When clients and designers are coming up with user interface ideas, we have seen concepts that look amazing and would be a real challenge to create. We then put on our accessibility advocate hat and look at those same ideas and we then need to torpedo the design. When I say torpedo, we are not giving the client or designer a hard no. We feel that it is important to bring up these accessibility issues so that our clients and designers are aware of how some of these interface ideas may leave out a portion of their potential customer or user base.

Here is a short list of things that we have noticed over time that should be considered to make for a better user interface experience.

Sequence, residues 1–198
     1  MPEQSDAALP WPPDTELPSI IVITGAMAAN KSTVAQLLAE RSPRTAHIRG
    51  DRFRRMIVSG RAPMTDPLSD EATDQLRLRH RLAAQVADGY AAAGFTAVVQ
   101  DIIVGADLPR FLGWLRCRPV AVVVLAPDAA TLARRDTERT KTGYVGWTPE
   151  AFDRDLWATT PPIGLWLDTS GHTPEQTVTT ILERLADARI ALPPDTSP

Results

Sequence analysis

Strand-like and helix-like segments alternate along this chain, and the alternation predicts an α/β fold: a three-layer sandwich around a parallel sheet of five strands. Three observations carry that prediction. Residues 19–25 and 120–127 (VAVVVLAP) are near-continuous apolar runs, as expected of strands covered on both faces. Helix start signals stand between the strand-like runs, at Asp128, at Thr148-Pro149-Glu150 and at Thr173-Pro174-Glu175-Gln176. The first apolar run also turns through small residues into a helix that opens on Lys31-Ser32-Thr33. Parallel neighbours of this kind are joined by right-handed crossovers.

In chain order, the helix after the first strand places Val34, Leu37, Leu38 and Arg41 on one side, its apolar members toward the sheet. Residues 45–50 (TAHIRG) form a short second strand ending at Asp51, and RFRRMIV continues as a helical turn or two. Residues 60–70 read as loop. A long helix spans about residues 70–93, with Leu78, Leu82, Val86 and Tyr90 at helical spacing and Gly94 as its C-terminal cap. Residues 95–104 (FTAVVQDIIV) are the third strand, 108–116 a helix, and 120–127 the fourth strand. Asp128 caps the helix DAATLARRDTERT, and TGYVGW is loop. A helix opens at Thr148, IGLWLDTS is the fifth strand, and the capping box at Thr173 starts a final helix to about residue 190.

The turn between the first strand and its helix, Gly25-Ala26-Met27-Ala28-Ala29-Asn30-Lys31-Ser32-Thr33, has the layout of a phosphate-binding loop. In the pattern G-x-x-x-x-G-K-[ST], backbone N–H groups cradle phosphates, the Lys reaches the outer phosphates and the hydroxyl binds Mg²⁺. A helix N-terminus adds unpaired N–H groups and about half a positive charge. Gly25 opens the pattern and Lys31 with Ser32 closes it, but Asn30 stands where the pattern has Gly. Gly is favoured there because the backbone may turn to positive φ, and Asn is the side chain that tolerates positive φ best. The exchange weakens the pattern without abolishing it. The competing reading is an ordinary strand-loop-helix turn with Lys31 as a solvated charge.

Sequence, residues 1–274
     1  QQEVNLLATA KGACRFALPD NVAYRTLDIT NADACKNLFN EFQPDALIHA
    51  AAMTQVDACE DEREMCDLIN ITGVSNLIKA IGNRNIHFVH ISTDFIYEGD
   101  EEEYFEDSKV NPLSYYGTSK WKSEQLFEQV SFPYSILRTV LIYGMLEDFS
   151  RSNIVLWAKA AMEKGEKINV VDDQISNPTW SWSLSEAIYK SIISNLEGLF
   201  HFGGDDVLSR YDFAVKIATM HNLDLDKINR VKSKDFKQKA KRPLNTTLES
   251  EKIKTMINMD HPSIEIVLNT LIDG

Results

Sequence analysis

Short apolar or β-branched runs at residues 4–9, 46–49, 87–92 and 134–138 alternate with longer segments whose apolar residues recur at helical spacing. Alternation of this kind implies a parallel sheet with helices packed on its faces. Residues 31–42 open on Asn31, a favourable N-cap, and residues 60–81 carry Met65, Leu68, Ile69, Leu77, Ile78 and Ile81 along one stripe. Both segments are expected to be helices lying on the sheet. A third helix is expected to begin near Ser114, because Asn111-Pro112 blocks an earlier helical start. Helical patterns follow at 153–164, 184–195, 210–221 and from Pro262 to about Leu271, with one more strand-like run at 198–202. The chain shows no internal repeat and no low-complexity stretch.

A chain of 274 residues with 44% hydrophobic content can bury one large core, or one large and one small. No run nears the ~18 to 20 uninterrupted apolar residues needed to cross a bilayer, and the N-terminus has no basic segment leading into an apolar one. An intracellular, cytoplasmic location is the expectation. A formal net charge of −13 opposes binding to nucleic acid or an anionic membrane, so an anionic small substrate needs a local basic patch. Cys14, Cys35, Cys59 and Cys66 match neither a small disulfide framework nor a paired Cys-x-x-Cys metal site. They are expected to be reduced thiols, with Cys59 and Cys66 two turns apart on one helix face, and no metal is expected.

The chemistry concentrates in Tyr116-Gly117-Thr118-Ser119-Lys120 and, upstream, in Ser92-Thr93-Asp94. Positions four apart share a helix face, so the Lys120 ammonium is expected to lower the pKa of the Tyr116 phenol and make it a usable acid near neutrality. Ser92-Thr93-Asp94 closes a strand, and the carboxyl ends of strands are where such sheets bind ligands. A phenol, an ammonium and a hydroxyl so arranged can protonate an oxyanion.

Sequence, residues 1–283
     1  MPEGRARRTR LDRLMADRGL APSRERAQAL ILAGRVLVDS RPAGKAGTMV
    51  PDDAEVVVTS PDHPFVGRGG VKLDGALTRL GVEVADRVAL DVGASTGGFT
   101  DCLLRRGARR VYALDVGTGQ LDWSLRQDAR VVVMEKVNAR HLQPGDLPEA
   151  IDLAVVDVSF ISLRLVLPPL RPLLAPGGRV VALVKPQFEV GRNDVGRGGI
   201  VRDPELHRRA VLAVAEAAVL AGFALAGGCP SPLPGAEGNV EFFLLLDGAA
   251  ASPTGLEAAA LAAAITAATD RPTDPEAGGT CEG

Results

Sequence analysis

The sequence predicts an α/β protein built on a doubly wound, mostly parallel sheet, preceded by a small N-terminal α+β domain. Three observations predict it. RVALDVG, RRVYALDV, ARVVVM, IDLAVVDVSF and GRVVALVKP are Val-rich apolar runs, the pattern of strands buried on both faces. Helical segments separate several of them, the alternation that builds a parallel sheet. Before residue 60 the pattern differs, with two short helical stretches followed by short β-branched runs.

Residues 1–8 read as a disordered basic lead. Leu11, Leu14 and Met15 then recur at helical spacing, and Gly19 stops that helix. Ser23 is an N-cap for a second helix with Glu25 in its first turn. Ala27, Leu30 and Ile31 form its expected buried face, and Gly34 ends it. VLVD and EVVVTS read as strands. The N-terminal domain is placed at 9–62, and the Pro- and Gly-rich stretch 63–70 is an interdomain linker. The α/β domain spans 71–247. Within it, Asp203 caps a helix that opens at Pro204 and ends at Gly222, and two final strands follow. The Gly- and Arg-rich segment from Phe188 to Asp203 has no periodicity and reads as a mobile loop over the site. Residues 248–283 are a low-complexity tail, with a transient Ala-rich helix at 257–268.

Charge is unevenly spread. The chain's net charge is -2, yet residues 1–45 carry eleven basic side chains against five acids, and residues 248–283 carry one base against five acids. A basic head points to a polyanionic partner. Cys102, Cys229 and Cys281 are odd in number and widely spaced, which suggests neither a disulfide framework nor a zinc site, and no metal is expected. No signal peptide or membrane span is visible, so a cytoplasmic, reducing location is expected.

• Pop-ups and modals. Clicking or tapping an interface element that opens a layer above the primary interface can be a hinderance to how the user interacts with the page. A person with a visual disability needs to be informed in some way that a pop-up or modal has opened in a layer above the rest of the page and that some form of action needs to take place to either close the pop-up or interact with what has appeared in the pop-up in order to return to the rest of the site.
  • Small design elements or copy. If the copy or design elements are very small, it may be hard for a person who has a visual disability to read the copy, or if buttons and design elements are small, audience members with physical disabilities may not have the fine motor skills to position the cursor with precision.
  • Backgrounds and text colour. A busy background image with varying colours with copy over it can be extremely difficult to read. Background colours and copy colours that do not have enough contrast can have the same issue.